Posted on | October 6, 2016 | 1 Comment
“The vested interests of our age . . . have constructed a wonderful machine, which we shall call the Great Stereopticon. It is the function of this machine to project selected pictures of life in the hope that what is seen will be imitated. All of us of the West who are within the long reach of technology are sitting in the audience. We are told the time to laugh and the time to cry, and signs are not wanting that the audience grows ever more responsive to its cues.”
— Richard Weaver, Ideas Have Consequences, 1948
Failure must have an explanation, and the disappointments of the entitled narcissistic Special Snowflake™ require a scapegoat. It will not do for overprivileged brats to accept that life is not fair, nor can we expect Special Snowflakes™ to take responsibility for their own failures.
How many times do we have to hear variations on the same sad story? College girl goes to a party, gets drunk, then wakes up with a hangover, an impaired memory, no panties, and a profound sense of shame.
“This cannot be my fault!” she tells herself. “I’m a victim!”
Go read the lawsuits filed by more than 100 male students who say they were falsely accused of rape and deprived of their due-process rights in university administrative disciplinary procedures, and you will see this basic narrative repeated over and over and over again: Two kids get drunk and have sex, she subsequently regrets having sex and — invoking the central point of one notorious case — “regret equals rape.”
No one wants to be accused of being pro-rape (or a “rape truther,” to employ feminist Amanda Marcotte’s vivid phrase), and so there is a reluctance to criticize irresponsible college girls too harshly. Because it is easier to remain silent than to express unpopular truths, we find that liars are increasingly influential in academia — hello, Professor Lisa Wade — and common sense is now quite uncommon on campus.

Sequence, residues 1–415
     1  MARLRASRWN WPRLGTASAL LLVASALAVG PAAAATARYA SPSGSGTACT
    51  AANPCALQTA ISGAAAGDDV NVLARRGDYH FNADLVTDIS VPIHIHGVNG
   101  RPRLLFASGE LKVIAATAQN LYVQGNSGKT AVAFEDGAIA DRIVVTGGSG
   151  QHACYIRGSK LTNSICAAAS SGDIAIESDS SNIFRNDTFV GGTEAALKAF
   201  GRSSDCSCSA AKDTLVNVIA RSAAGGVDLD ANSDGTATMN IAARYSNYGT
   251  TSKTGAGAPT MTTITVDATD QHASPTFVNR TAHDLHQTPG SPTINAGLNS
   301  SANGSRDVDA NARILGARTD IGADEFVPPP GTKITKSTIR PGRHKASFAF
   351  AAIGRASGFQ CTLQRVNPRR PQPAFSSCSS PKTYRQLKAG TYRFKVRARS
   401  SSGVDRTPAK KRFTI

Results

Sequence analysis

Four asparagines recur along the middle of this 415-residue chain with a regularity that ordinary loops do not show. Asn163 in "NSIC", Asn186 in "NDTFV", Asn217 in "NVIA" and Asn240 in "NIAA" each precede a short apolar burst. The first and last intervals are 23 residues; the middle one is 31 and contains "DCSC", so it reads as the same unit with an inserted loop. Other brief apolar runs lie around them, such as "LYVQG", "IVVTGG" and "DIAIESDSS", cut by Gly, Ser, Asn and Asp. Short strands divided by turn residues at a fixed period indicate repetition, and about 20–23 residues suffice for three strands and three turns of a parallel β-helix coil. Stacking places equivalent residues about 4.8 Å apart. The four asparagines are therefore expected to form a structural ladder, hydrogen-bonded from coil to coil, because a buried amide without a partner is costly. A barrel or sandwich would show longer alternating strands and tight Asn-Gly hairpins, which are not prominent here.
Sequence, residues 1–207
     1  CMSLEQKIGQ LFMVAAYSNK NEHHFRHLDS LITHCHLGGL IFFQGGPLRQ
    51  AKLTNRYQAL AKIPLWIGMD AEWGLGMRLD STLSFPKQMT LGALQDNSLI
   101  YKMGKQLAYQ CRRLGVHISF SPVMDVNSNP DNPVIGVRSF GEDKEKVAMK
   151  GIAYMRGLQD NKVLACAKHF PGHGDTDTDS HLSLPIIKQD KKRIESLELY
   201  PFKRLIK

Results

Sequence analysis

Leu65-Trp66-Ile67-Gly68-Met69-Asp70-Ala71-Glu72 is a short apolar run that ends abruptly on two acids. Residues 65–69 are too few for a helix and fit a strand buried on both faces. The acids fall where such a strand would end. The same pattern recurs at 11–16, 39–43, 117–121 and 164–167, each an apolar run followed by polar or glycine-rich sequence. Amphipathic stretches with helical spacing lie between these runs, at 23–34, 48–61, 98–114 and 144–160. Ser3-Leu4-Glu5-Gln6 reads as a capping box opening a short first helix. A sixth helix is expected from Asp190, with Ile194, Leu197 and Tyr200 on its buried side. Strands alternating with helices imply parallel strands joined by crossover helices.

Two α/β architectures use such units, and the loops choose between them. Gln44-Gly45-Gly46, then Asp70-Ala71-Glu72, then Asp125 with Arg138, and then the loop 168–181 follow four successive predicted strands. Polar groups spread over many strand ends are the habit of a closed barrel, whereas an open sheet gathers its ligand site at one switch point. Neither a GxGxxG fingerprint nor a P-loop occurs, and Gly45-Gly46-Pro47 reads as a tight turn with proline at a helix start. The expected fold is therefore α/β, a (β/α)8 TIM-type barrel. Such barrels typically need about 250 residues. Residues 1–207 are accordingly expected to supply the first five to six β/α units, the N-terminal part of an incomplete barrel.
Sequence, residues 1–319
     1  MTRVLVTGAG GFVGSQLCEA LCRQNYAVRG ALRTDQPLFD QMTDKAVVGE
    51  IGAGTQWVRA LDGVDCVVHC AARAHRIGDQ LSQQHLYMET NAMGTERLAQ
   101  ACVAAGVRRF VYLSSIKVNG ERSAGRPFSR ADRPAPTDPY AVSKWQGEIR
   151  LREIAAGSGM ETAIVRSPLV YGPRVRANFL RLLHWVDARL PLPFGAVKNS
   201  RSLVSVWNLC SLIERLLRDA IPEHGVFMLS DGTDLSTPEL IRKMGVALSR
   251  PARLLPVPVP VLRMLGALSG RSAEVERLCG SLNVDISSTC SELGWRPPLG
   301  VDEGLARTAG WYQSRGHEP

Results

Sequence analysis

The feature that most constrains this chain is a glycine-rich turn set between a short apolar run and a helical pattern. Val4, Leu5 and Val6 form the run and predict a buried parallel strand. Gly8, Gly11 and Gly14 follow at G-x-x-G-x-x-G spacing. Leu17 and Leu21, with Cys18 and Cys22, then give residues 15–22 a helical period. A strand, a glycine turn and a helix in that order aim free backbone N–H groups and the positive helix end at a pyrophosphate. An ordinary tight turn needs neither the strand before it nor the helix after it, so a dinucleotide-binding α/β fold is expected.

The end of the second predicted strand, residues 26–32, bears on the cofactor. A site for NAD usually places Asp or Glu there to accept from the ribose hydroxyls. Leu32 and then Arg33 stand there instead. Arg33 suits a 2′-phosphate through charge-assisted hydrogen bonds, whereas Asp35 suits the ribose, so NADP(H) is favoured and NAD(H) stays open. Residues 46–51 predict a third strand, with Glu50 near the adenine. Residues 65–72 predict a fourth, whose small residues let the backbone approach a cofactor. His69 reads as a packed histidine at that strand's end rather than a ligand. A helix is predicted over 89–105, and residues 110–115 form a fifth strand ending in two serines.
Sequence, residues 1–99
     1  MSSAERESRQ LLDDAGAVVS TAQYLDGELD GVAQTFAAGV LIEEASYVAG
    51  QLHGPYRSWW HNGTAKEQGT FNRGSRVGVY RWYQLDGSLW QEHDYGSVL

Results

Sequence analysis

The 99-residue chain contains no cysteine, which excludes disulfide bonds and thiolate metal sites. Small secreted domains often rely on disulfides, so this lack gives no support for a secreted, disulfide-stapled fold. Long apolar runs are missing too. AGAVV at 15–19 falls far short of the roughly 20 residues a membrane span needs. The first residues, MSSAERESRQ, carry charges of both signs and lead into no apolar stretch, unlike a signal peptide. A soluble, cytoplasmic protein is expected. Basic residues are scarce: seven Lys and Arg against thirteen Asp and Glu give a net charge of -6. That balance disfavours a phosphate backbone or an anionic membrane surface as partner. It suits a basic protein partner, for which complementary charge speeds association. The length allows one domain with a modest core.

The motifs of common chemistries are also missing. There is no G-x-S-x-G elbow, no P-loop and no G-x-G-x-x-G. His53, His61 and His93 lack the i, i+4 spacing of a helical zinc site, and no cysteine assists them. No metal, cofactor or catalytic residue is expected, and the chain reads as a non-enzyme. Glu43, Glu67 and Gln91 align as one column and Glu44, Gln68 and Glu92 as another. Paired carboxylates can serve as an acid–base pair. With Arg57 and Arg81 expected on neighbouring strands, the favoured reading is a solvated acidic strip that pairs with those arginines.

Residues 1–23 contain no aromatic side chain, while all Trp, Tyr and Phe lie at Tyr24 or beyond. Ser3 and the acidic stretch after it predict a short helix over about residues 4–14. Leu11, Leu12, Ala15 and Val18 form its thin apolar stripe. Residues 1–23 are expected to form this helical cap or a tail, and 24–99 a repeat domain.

We are expected to believe that college girls in the 21st century are afflicted with an extraordinary naïveté about how sex happens.
“Why are these boys furnishing me with free alcohol?” we must imagine the college girl asking herself, as she downs her ninth drink. “And why does this boy want me to go back to his dorm room at midnight?”
Gosh, honey, this is all a huge mystery to you, isn’t it? You graduated high school at the top of your class, and your parents are paying $60,000 a year to send you to this elite private liberal arts college, so maybe you could do a little arithmetic, add 2 + 2 and tell us what this is about.
Maybe these clever girls could consult the Department of Women’s, Gender, and Sexuality Studies at Yale and ask Professor Kaneesha Parsard to explain why college boys provide free alcohol to college girls. Professor Parsard is teaching a class this fall called “Bodies and Pleasures, Sex and Genders” (WGSS 205), so it’s possible she could give you a clue on this subject, about which college girls seem so clueless.
By the way — and I must point this out — college boys are no less idiotic than the girls. How many times do I have to repeat the same advice? Never talk to a college girl. Before parents send their sons off to college, they should take them to the local tattoo parlor and have that phrase emblazoned in reverse-script on their chest, so that every time the boy gets out of the shower and looks in the bathroom mirror, he is reminded once again: “Never talk to a college girl.”
Feminists have fomented such a climate of anti-male hatred on campuses, that only right male students have now is the right to remain silent. When I shared this advice with a Yale student a few months ago, he said, “But if you don’t talk to girls, they might think you’re gay.”
To which I replied: “And . . . ?”
Who cares what a girl at Yale thinks about anything? It must be presumed that every girl at Yale (or Harvard, Cornell, Princeton, etc.) is wicked, deceitful and selfish — untrustworthy and cruel, apt to make a false rape accusation as an act of spiteful revenge — because the unsuspecting young man who presumes otherwise might be lured into her sexual trap. Shun them all, and don’t even bother explaining why you don’t talk to them. These hideous Ivy League she-monsters deserve no such explanation.
Feminism is the reason college boys can’t trust any girl on campus and, even beyond ideology, I blame it all on The Great Stereopticon:
What has happened, I would argue, is that The Great Stereopticon’s message machine keeps selling such wildly contradictory stories about love and sex to young people that the proliferation of scripts has become schizophrenic. Anyone attempting to live according to the stories sold to them by the Hollywood fantasy factory and the Madison Avenue advertising cartel will discover that these narratives cannot be replicated in the real world, and certainly not without substantial risk of negative consequences. . . .
Read the whole thing at The Patriarch Tree, and remember: Never talk to a college girl. Let them all go to Hell by the path of their own choosing.